When a doubt, fear or concern is on your mind and you can’t stop thinking about it. [Download]
“I’ve got this doubt that has been nagging at me for ages”
“I have a nagging feeling that she took offence at my last email”
Hello, this is Luke Thompson. You are listening to ‘A Phrasal Verb A Day’. Here is phrasal verb number 95. Another phrasal verb episode just recorded on the spur of the moment, without too much preparation. This one is ‘to nag at’. ‘Nag’ is spelt ‘N’ ‘A’ ‘G, and then ‘at’, well of course. How do you spell ‘at’? Well, I will give you a clue. It begins with an ‘A’, and there is a ‘T’ at the end. Two letters, well of course, it is ‘at’. Ha-ha-ha, hilarious. Ok, so ‘nag at’ is the phrasal verb that we are looking at here today. Now, you might know the word ‘nag’ ‘to nag someone’. Typically, we always say that a wife nags her husband. It seems that wives or girlfriends typically nag their husbands or boyfriends. Like: “Take the rubbish out. Fill the dishwasher. Do this. Do that. Don’t do this. Don’t do that. Stop doing that. Do more of that”. That kind of thing. That’s nagging. But the phrase ‘to nag at’ actually has a different meaning. So, if something is nagging at you it means that you’ve got like a doubt or a fear or a concern which is on your mind. And, it’s sort of like in your thoughts, it’s on your mind. You can’t stop thinking about it. Okay? If you have got a doubt in the back of your mind, which is constantly in your mind. And you can’t stop thinking about it. You can say that “This doubt is nagging at you”. Ok, to nag at someone. “So, you know, I have just had this doubt which has been nagging at me for ages. I’d just like to ask you a question about it. Okay?”
‘A doubt nags at you’, ‘it is nagging at you’, ‘it has been nagging at you for a long time’. And, if you have got a nagging doubt, then usually you might need to try to get an answer to that question. ‘A nagging feeling’, ‘nagging’ is the adjective as well. Right? ‘A nagging feeling’, ‘a nagging doubt’, ‘a nagging sense’ of something. There you go. So, ‘to nag at’. Think of it as an example: Recently, when I was doing episodes of this phrasel verb podcast. I started googling the phrasal verbs as I was going. I just kind of didn’t do that recently. Let’s see, so, if you google in google. Well, “you google in google” where else would you google? If you search in Google for news, you know that you choose the different search options. If you click the word ‘news’, and then search for the phrase verb in inverted commas (sometimes called speech marks) then often you find pretty good examples of that phrasal verb. So, if we have ‘nag at’, let’s see. [hums] Here is an article from the Chronicle of Higher Education that says “They also both nag at our sense of what it means to declare ourselves something”. That’s about the Je Suis Charlie situation. That’s not a very good example. Weirdly, this is not a particularly good phrasal verb it seems, for examples, in the news. Variables nag at us to keep honest. That’s actually not a very good example. ‘A nagging feeling’, here is this article from the Washington Times. It is about Japan and hostages. The title is ‘Japan and Hostages, and Nagging Feeling That It is Their Fault’. It seems that some Japanese citizens have been taken hostage or something. (They have been decapitated recently) Anyway it seems, people in Japan have a nagging feeling that somehow it is their own fault. Ok, that wasn’t not a very google search, was it?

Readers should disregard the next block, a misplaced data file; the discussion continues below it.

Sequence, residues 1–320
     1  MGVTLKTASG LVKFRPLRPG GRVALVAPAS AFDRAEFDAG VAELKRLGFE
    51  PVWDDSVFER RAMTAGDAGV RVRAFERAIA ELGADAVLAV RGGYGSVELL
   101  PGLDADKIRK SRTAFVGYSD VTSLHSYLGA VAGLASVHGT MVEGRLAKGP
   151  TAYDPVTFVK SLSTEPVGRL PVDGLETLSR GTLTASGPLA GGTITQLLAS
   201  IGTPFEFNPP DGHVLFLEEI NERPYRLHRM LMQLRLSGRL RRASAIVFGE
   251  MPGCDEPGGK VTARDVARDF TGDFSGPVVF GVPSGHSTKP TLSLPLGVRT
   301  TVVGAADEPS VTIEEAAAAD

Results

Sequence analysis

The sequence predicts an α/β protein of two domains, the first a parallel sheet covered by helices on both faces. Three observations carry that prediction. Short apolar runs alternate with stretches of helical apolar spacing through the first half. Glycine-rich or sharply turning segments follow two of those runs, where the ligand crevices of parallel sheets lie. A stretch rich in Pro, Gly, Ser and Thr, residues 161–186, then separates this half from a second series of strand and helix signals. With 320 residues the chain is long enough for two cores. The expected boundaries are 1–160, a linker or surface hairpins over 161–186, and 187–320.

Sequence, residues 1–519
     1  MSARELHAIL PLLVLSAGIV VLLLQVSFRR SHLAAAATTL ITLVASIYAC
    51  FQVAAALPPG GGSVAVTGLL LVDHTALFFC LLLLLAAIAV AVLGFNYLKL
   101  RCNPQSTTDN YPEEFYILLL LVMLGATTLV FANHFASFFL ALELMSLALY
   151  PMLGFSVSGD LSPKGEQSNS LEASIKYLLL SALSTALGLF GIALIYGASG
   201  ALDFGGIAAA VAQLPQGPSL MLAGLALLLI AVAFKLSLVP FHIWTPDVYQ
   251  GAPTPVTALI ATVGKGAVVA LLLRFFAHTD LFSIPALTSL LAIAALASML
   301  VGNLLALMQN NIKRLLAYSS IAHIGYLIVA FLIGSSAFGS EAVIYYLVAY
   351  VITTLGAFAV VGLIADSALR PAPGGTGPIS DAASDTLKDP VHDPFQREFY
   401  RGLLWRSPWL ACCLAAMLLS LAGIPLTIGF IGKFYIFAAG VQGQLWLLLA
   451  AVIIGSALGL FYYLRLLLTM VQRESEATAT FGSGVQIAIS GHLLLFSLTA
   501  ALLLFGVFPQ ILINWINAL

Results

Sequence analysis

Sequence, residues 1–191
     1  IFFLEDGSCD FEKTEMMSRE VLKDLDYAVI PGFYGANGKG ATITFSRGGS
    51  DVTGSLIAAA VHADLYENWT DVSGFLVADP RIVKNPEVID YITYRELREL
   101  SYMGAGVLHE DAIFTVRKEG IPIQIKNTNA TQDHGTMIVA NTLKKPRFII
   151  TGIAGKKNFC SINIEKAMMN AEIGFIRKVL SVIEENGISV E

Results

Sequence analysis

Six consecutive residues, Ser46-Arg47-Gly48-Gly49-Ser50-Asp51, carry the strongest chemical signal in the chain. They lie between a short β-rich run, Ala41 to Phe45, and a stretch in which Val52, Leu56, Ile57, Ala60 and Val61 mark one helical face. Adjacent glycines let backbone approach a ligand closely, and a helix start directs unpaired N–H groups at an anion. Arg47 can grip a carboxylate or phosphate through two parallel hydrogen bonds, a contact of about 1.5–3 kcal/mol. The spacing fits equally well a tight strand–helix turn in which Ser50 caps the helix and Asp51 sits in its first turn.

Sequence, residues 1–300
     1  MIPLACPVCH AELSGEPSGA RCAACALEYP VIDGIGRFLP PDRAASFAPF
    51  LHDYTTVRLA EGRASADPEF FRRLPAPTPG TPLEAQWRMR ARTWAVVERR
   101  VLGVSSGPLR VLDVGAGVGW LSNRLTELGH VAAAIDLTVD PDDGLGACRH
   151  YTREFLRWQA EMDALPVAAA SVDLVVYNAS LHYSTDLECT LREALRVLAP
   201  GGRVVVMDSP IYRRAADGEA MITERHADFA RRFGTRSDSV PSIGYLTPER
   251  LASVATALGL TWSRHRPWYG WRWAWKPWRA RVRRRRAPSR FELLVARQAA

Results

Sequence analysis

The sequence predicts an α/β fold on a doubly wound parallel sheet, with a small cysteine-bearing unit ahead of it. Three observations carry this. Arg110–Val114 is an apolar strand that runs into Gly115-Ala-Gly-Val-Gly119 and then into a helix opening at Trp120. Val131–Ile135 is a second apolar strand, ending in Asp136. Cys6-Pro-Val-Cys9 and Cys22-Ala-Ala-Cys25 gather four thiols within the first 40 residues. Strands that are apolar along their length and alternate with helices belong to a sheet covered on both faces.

Not very fruitful, but I hope you understand the definition of this phrase ‘to nag at’. I have just got this question that’s nagging at me for ages. Ok, that’s the end of this episode. I will speak to you again soon.